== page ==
On June 7, the Judicial Conference Committee on Rules of Practice and Procedure (Standing Committee) approved amendments to several of the Federal Rules of Evidence. If approved by the Judicial Conference, United States Supreme Court, and Congress, the amendments will take effect on December 1, 2023.

Most significantly, the Committee unanimously approved amendments to Rule 702 to correct widespread misunderstanding about expert evidence admissibility by clarifying that: (1) the proponent of expert testimony must establish its admissibility to the court by a preponderance of the evidence before it can be presented to a jury, and (2) an expert shall not assert a degree of confidence in an opinion that is not derived from sufficient facts and reliable methods. The amendment will go a long way toward ensuring that Rule 702, not outdated Daubert case law, is applied when courts consider the admissibility of expert evidence.

Current Rule 702 (which has been in effect since 2000) does not explicitly include a preponderance standard, but the Committee Notes accompanying the 2000 amendment state “the admissibility of all expert testimony is governed by the principles of Rule 104(a),” under which “the proponent has the burden of establishing that the pertinent admissibility requirements are met by a preponderance of the evidence.” The Committee Note to the new proposed amendment explains that “many courts” incorrectly apply Rules 702 and 104(a) by holding that “the critical questions of the sufficiency of an expert’s basis, and the application of the expert’s methodology, are questions of weight and not admissibility.” The Agenda Book for the Standing Committee’s June meeting also notes that many courts have incorrectly declared that “expert testimony is presumed to be admissible.” In fact, the Advisory Committee on Evidence Rules determined that

in a fair number of cases, the courts have found expert testimony admissible even though the proponent has not satisfied the Rule 702(b) and (d) requirements by a preponderance of the evidence—essentially treating these questions as ones of weight rather than admissibility, which is contrary to the Supreme Court’s holdings that under Rule 104(a), admissibility requirements are to be determined by a court under the preponderance standard.

A recent Lawyers for Civil Justice study confirms this conclusion. The study revealed that in 61% of federal judicial districts (57 of 93), courts split over whether to apply the preponderance standard when assessing admissibility. The study also found that district splits exist in every federal appellate circuit. In one judicial district (the Southern District of New York), “conflict even arose between two judges assigned to the same case—one judge articulated the preponderance standard in deciding expert motions while the other did not.”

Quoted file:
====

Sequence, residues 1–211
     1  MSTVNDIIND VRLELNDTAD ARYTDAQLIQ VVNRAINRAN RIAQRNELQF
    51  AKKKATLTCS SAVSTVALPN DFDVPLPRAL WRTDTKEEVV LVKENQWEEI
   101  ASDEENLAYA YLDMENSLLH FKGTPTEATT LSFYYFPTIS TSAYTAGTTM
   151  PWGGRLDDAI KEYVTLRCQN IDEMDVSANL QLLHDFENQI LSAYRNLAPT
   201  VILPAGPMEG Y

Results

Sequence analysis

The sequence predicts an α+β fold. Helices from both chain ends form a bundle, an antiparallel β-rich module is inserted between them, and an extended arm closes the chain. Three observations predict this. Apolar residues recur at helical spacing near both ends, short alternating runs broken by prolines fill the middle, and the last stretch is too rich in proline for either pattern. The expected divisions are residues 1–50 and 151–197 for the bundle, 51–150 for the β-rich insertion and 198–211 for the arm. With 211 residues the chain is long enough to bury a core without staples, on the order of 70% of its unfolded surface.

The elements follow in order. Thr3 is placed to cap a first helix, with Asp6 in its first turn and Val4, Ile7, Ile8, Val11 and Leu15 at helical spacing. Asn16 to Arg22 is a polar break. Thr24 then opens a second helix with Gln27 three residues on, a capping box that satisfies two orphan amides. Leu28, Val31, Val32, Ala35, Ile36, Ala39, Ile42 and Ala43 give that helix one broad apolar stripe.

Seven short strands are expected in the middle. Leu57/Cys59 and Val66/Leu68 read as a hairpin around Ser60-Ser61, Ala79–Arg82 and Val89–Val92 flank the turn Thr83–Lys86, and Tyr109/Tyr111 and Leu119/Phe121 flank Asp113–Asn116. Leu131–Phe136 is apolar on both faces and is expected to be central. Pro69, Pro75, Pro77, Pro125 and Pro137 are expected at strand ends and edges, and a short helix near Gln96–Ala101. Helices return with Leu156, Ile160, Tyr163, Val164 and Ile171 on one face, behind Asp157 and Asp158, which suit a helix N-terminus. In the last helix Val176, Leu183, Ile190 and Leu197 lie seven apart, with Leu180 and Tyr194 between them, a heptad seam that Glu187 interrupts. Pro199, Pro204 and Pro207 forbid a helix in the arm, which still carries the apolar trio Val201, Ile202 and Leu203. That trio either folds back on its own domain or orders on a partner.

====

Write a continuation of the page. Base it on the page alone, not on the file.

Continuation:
To resolve this “important conflict among the courts” and address the overstatement issue, the Standing Committee approved the following amendments to Rule 702:

Rule 702. Testimony by Expert Witnesses

A witness who is qualified as an expert by knowledge, skill, experience, training, or education may testify in the form of an opinion or otherwise if the proponent demonstrates to the court that it is more likely than not that:

(a)   the expert’s scientific, technical, or other specialized knowledge will help the trier of fact to understand the evidence or to determine a fact in issue;

(b)  the testimony is based on sufficient facts or data;

(c)   the testimony is the product of reliable principles and methods; and

(d)   the expert has reliably applied expert’s opinion reflects a reliable application of the principles and methods to the facts of the case.

The “more likely than not” standard is “substantively identical to ‘preponderance of the evidence,’” according to the Advisory Committee.

One of the reasons the Standing Committee approved the amendments is that the language is not viewed as a change in the Rule, but a necessary clarification of the existing standard. “This does not change the law at all,” said United States District Judge Patrick Schiltz of Minnesota, who chairs the Advisory Committee on Evidence Rules and supported the amendment, before the vote. “It simply makes it clearer.” Thus, while the text of the Rule will not change until next year, the “more likely than not” standard already applies and defense counsel should start citing it and emphasizing it in Rule 702 motions. Federal courts also must become familiar with the changes to avoid misstating the law.

The Standing Committee also voted to approve changes to Federal Rule of Evidence 106 to allow completion of all statements, including unrecorded, oral statements, and to provide that if the existing fairness standard requires completion, then the completing statement is admissible over a hearsay objection. An amendment to Federal Rule of Evidence 615 will clarify that, at a party’s request, a court may exclude a witness from the courtroom so the witness cannot hear the testimony of others. The amendment will also allow courts to take measures to prevent the disclosure of trial testimony to excluded witnesses and directly prohibit excluded witnesses from trying to access trial testimony. Finally, the amendment clarifies that the exception from exclusion of entity representatives is limited to one designated representative per entity.

Note from the Editor: The Federalist Society takes no positions on particular legal and public policy matters. Any expressions of opinion are those of the author. To join the debate, please email us at info@fedsoc.org.

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